Business cycles

Commodities follow both seasonal patterns and general business cycles like the one below:

A common business cycle

Commodity prices during expansion

In a period of strong expansion, consumer demand is high, uneployment low, and wages increase more than under normal circumstances. This increases inflation, which, in turn, tend to rise most commodity prices. In addition, high economic activity also means an increase in demand for commodities as many commodities are required as input to companies’ production.

The increase in inflation require the central bank to raise the interest rates, in order to prevent the economy from overheating. When the increase in the interest rates take place, the expansion reaches it’s peak before growth slows, since investments decline due to higher financing costs.

With a lag of several months the higher real interest rates reduces the demand for commodities which in turn leads to lower commodity prices.

Commodity prices during recessions

During recessions commodity prices are expected to behave corresponding: at the beginning of a recession, the demand for commodities are low, which reduces commodity prices. When the real interest rates have been cut by the central bank a few times, and a economic turn-over is in sight, commodity prices are expected to gain again.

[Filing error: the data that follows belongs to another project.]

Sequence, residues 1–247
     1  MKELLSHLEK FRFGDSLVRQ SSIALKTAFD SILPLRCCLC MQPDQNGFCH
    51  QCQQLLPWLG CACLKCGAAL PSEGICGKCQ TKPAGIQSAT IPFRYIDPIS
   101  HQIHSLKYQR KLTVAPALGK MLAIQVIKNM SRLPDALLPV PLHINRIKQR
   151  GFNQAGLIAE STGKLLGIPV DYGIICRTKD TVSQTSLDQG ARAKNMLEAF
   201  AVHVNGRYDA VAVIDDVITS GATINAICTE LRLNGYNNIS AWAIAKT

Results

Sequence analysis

Seasonal patterns for raw materials/commodities

Commodities follow a seasonal pattern in terms och supply, demand and prices – some commodities more predictable then others. Below you find some common seasonal patterns for highly traded commodities:

  • Coffee: A trade in coffe can be done by selling the last week of May and hold until August, after a seasonal high in May.
  • Cruide oil: Tend to fall in the beginning of April, and then rally through mid-May. Reason: Still demand for heating oil and diesel fuel in northern USA, while many refineries shut down and switch operations during this time a year.
  • Gold: Often increase in price from mid-summer until beginning of September.
  • Natural gas:  Seasonally, natural gas prices go up from July to end of October. Reason: Summer air condition heats up natural gas.
  • Soybeans: Mid-February to end of May tend to be a good season for soybeans. During the last 42 years, prices advance 4 times out of 5.